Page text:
Siubhán Macauley – A reflection…
Lifting, carrying, hoisting, heaving, we were mid-move when Boris Johnson announced the UK-wide lockdown on account of the coronavirus. Settlers, we made new turf our own, and filled our áít shona nua with colour, kindness, curries.
There is no one good word for my community. It hasn’t filled the corners of the city. It doesn’t contain heroes, or monsters. Maybe some ghosts. Just two of us alike and different, together and apart, feeling for the fluid and changing needs and expectations of the other. I have never felt the need to define so firmly what we are, and just being there, in tandem, in two, almost always feels enough. I cast around for different words, “buachaill”, “partner”, “boyfriend”, “best friend”, “love”, “taisce”, but each of them are clunky and clumsy in and out of my mouth. A name is enough, but far from me to give it.
He has been my small and content world for the length of this virus. One eye on the bitter and the sweet that came before this, and one eye staring directly into the face of the new.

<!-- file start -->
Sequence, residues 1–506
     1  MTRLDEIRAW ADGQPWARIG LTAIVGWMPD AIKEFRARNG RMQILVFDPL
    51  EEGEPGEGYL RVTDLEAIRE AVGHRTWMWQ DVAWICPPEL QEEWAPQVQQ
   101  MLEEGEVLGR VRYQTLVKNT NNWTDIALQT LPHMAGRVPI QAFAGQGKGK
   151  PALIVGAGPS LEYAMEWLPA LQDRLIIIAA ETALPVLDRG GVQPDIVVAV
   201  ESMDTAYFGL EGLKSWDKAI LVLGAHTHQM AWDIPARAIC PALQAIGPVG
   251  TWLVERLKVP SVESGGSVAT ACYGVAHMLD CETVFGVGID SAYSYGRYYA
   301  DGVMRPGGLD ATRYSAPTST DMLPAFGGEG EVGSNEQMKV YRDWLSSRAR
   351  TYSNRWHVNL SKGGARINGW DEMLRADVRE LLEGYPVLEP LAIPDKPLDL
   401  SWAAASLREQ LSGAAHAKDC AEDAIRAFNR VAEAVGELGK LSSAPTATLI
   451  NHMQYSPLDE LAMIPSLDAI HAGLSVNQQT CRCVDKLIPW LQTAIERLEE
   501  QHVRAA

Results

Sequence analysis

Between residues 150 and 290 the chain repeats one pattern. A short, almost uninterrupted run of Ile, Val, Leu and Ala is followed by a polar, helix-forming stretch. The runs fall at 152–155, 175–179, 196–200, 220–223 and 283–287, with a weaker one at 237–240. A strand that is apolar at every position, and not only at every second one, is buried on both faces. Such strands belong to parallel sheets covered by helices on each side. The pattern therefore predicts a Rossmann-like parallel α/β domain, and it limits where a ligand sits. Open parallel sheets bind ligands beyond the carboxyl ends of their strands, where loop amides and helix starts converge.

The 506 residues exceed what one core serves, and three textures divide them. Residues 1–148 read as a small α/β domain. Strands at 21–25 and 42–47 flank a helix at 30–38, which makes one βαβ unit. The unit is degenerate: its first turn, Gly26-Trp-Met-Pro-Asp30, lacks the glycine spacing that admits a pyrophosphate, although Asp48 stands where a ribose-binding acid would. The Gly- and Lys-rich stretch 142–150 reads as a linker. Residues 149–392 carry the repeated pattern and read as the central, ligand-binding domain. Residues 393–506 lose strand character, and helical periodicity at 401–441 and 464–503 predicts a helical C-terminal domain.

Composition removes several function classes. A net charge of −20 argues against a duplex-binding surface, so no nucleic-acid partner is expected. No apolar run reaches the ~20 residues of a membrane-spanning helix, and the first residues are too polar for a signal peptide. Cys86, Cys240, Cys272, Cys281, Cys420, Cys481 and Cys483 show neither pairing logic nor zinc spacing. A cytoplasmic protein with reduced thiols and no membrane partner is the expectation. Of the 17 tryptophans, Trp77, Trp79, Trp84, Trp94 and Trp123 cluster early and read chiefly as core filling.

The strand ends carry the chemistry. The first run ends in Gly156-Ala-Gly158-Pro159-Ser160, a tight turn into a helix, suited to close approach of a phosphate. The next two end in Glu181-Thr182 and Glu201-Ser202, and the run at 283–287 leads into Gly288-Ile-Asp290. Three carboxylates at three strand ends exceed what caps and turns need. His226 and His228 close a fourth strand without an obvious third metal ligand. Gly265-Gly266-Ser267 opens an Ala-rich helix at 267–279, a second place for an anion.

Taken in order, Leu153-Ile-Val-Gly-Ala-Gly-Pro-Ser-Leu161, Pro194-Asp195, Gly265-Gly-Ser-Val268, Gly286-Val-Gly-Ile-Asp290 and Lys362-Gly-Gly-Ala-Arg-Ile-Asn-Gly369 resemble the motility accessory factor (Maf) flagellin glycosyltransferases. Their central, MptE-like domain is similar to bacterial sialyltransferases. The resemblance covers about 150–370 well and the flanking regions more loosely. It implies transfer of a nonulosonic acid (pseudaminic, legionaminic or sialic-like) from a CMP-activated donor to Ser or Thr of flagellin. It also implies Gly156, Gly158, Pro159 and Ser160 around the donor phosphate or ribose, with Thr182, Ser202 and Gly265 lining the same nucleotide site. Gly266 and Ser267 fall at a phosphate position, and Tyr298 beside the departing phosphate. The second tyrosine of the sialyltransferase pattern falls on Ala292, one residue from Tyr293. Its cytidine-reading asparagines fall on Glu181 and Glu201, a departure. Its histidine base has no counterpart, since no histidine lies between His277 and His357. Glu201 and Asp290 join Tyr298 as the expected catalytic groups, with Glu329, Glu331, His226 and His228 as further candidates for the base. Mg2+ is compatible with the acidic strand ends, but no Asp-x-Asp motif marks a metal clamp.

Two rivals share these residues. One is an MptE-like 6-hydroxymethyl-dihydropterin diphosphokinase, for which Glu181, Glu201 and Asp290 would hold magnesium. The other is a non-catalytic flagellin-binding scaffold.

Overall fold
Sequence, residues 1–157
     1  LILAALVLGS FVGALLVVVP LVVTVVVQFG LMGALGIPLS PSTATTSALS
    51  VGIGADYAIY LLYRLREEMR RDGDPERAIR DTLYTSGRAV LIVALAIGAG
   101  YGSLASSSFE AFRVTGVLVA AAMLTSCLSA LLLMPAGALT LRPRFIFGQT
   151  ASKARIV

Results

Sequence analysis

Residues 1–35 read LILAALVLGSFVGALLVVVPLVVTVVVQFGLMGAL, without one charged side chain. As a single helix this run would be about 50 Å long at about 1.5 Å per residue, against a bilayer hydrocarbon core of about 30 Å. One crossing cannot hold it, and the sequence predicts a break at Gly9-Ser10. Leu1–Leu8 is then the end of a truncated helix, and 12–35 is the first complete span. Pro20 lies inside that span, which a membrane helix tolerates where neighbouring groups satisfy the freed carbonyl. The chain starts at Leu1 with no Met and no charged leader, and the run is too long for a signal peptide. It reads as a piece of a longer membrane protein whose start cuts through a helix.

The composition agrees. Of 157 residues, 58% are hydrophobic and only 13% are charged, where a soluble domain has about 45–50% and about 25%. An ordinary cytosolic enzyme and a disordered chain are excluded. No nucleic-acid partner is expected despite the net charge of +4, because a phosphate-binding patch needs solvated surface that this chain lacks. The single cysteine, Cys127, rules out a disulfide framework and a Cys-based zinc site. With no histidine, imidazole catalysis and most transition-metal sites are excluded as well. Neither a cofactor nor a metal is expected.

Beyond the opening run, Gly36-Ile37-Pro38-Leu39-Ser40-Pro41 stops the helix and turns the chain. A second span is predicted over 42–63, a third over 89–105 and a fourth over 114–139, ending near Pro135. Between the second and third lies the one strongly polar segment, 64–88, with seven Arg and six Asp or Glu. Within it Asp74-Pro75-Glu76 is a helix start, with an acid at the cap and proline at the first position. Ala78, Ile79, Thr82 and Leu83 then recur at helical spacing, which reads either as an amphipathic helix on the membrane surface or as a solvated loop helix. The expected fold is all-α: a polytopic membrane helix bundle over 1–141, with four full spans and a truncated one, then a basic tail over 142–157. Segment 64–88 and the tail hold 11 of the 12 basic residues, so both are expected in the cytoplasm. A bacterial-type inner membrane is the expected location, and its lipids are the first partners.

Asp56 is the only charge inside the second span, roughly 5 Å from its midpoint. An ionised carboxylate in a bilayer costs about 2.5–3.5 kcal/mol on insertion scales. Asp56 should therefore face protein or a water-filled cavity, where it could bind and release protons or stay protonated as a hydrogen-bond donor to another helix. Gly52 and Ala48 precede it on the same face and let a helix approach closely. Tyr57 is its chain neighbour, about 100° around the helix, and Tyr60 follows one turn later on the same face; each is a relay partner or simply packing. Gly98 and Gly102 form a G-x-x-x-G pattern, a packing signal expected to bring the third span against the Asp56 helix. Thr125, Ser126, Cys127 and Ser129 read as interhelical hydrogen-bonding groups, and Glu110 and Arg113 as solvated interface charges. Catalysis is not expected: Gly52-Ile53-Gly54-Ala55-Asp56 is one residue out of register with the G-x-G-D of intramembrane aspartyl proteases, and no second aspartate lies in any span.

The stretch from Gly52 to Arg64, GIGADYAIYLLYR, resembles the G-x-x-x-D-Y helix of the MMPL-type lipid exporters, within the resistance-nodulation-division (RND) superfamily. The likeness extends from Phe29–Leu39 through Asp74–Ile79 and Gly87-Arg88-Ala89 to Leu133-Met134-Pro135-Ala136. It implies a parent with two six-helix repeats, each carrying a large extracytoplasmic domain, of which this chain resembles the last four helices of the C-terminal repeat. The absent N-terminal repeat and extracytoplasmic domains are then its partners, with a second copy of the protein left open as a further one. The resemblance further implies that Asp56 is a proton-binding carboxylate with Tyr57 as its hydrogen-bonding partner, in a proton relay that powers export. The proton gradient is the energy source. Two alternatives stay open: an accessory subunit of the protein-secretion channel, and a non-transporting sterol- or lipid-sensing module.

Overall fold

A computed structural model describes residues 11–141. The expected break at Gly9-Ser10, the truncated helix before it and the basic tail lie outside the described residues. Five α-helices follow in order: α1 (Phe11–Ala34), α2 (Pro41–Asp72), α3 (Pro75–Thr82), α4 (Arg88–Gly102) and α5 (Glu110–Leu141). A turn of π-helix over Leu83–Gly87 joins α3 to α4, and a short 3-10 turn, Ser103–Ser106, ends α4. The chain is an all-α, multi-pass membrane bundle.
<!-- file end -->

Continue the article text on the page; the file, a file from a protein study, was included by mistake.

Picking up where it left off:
I have sat despondent, creativity gone, nothing but blankness and tools out of reach. He has asked me for thoughts, for opinions, for feelings and fondness. I have created again. He has accompanied me endlessly throughout the city, four soles meeting the historic dock over and over until they are firm fast friends.
The pull of home is strong in our community. A turn of phrase, a fluent ability to keep pace in a place where I repeat my name over and over. A knowledge of the bend and twist to fit into a different space, a slowing of speech, a recognition of the pain and guilt of leaving and the excitement of return. A sense of what it means to have somewhere to put this occasional disillusion, and longing for mo thinteán féín, the tidal force of the diaspora.
- áít shona nua – happy new place
- buachaill- boy
- taisce – treasure, something like an endearing name
- mo thinteán féín – my own hearth
Lockdown Lights is an open source project, collecting community stories about people’s experience of the lockdown during the 2020 Coronavirus restrictions. The project was funded by the Irish Government’s Emigrant Support Programme Covid-19 relief fund. We would like to thank all the participants and the Irish Government for their support.